Foreign-language advocates said this week they are discouraged that while President Barack Obama and U.S. Secretary of Education Arne Duncan have stressed in speeches the importance of bilingualism, a pot of money that underwrites the cost of 14 higher education programs focused on foreign languages and international education—some of which provide crucial support to K-12 educators—will be cut by 40 percent in the current fiscal year.
They’re relieved, though, that the $27 million Foreign Language Assistance Program authorized by the Elementary and Secondary Education Act, which gives grants directly for K-12 programs that teach languages deemed critical to U.S. security and economic needs, emerged from the budget talks unscathed.

The 14 small programs in the Higher Education Opportunity Act of 2008 that support language and international education, authorized by the Title VI and Fulbright-Hays sections of the law, were funded at $126 million in fiscal 2010. They weren’t mentioned in the 2011 budget legislation approved by Congress in April, but a chart of the cuts in the 2011 budget posted on the website of the House Appropriations Committee said that those programs could receive a cut of $50 million, or 40 percent of their budgets. The final budget released last month showed the programs will be funded with nearly $76 million in fiscal 2011, which means that the U.S. Department of Education agreed to the 40 percent cut.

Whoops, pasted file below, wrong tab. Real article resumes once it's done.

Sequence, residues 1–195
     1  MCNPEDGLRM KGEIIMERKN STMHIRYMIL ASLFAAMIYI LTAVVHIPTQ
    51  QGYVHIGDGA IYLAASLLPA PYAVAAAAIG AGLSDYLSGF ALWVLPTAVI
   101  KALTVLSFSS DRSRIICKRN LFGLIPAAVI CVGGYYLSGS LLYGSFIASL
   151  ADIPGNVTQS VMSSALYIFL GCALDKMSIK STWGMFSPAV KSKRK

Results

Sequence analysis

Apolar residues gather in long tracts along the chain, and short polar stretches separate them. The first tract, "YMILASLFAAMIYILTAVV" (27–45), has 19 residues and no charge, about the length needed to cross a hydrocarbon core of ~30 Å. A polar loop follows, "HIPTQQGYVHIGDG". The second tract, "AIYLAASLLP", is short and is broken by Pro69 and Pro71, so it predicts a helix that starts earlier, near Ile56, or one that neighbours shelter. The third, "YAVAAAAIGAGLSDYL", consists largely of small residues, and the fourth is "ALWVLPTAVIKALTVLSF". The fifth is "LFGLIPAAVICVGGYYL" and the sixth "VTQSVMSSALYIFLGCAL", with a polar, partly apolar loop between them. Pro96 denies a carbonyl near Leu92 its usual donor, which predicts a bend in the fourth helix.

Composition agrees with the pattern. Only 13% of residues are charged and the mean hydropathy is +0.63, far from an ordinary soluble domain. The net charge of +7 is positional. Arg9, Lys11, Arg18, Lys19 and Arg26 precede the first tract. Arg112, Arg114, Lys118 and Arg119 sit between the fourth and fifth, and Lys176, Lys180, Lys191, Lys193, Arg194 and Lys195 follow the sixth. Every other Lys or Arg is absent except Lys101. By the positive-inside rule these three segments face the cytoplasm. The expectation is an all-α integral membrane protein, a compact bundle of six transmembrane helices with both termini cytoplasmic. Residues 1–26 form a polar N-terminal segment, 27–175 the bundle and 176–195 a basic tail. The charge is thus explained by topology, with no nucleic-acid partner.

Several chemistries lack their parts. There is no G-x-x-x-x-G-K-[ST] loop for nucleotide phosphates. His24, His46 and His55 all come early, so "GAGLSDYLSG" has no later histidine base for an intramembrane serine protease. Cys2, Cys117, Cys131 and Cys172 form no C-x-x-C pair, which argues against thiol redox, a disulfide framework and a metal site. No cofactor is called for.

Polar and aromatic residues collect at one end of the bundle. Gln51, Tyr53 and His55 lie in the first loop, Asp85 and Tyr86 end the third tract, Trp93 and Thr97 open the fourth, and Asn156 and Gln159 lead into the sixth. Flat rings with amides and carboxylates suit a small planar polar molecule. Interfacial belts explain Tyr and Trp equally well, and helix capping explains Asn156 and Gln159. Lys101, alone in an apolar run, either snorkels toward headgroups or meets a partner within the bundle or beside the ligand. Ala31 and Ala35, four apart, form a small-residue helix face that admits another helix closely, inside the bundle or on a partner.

It’s a big blow, the advocates say, and they’re lobbying Congress to restore the fiscal 2010 level of funding in the budget for fiscal year 2012, which begins Oct. 1.
Justin Hamilton, a spokesman for the Education Department, wrote in an email, “We’re in one of the most difficult budget environments in recent memory” and that has resulted in “some painful cuts.” He added: “We’re committed to the mission of international education and will continue working to do all we can to make sure our students are prepared to successfully compete in a global economy.”

Some advocates for language education say the most crucial of the higher education programs for K-12 teaching and learning of foreign languages is the authorization of money to pay for 15 language-resource centers at universities. Those centers received $5 million in 2010. The research, materials, and professional development the centers provide for precollegiate educators help improve the quality of foreign-language study, the advocates say.
“With them being cut, I wonder what will be the concerted effort to provide high-quality resources, teacher training, development of curriculum, development of assessments, and having people who present on and write about the issues” in language education, said Joy Kreeft Peyton, a vice president of the Washington-based Center for Applied Linguistics.
The language-resource center housed at the University of California, Los Angeles, for instance, has formalized into a national initiative what had been primarily a volunteer effort to advance the bilingualism of heritage speakers, Ms. Peyton said.

Heritage speakers are exposed to a language other than English while growing up but may not have developed full literacy or fluency in that language. For example, children growing up in Arab-American families may speak and understand Arabic but not be able to read or write it. If they take classes to develop literacy in Arabic, however, they may become fully bilingual.